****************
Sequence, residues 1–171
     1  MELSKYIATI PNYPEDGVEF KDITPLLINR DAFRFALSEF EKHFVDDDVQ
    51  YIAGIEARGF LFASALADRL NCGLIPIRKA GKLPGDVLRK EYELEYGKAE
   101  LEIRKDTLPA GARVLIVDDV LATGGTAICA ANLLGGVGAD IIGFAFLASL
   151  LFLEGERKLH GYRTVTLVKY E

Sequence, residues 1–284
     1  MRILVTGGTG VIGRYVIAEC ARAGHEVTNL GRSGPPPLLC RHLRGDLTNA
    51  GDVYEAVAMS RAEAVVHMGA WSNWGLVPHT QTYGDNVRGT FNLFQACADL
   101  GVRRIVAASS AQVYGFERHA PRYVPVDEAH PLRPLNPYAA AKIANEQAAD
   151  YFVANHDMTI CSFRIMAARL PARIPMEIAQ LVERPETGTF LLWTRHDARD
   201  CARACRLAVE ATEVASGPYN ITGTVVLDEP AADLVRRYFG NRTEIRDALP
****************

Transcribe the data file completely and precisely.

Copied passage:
Sequence, residues 1–171
     1  MELSKYIATI PNYPEDGVEF KDITPLLINR DAFRFALSEF EKHFVDDDVQ
    51  YIAGIEARGF LFASALADRL NCGLIPIRKA GKLPGDVLRK EYELEYGKAE
   101  LEIRKDTLPA GARVLIVDDV LATGGTAICA ANLLGGVGAD IIGFAFLASL
   151  LFLEGERKLH GYRTVTLVKY E

Sequence, residues 1–284
     1  MRILVTGGTG VIGRYVIAEC ARAGHEVTNL GRSGPPPLLC RHLRGDLTNA
    51  GDVYEAVAMS RAEAVVHMGA WSNWGLVPHT QTYGDNVRGT FNLFQACADL
   101  GVRRIVAASS AQVYGFERHA PRYVPVDEAH PLRPLNPYAA AKIANEQAAD
   151  YFVANHDMTI CSFRIMAARL PARIPMEIAQ LVERPETGTF LLWTRHDARD
   201  CARACRLAVE ATEVASGPYN ITGTVVLDEP AADLVRRYFG NRTEIRDALP